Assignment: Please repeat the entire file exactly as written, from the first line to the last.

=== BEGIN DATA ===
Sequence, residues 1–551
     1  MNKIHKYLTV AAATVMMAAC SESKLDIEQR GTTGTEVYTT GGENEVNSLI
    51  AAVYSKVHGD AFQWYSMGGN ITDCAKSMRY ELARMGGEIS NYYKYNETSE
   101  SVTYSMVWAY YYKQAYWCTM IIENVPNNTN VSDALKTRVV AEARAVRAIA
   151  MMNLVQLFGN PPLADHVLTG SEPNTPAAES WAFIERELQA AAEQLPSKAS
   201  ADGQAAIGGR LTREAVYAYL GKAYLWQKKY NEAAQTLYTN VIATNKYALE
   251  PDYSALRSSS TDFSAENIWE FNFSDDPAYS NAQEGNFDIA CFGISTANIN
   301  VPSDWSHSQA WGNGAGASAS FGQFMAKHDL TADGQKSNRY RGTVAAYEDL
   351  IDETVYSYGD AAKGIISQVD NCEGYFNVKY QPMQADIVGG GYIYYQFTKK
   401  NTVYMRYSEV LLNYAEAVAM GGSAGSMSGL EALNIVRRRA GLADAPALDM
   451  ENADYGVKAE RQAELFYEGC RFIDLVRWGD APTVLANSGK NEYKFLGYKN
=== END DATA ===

Sequence, residues 1–551
     1  MNKIHKYLTV AAATVMMAAC SESKLDIEQR GTTGTEVYTT GGENEVNSLI
    51  AAVYSKVHGD AFQWYSMGGN ITDCAKSMRY ELARMGGEIS NYYKYNETSE
   101  SVTYSMVWAY YYKQAYWCTM IIENVPNNTN VSDALKTRVV AEARAVRAIA
   151  MMNLVQLFGN PPLADHVLTG SEPNTPAAES WAFIERELQA AAEQLPSKAS
   201  ADGQAAIGGR LTREAVYAYL GKAYLWQKKY NEAAQTLYTN VIATNKYALE
   251  PDYSALRSSS TDFSAENIWE FNFSDDPAYS NAQEGNFDIA CFGISTANIN
   301  VPSDWSHSQA WGNGAGASAS FGQFMAKHDL TADGQKSNRY RGTVAAYEDL
   351  IDETVYSYGD AAKGIISQVD NCEGYFNVKY QPMQADIVGG GYIYYQFTKK
   401  NTVYMRYSEV LLNYAEAVAM GGSAGSMSGL EALNIVRRRA GLADAPALDM
   451  ENADYGVKAE RQAELFYEGC RFIDLVRWGD APTVLANSGK NEYKFLGYKN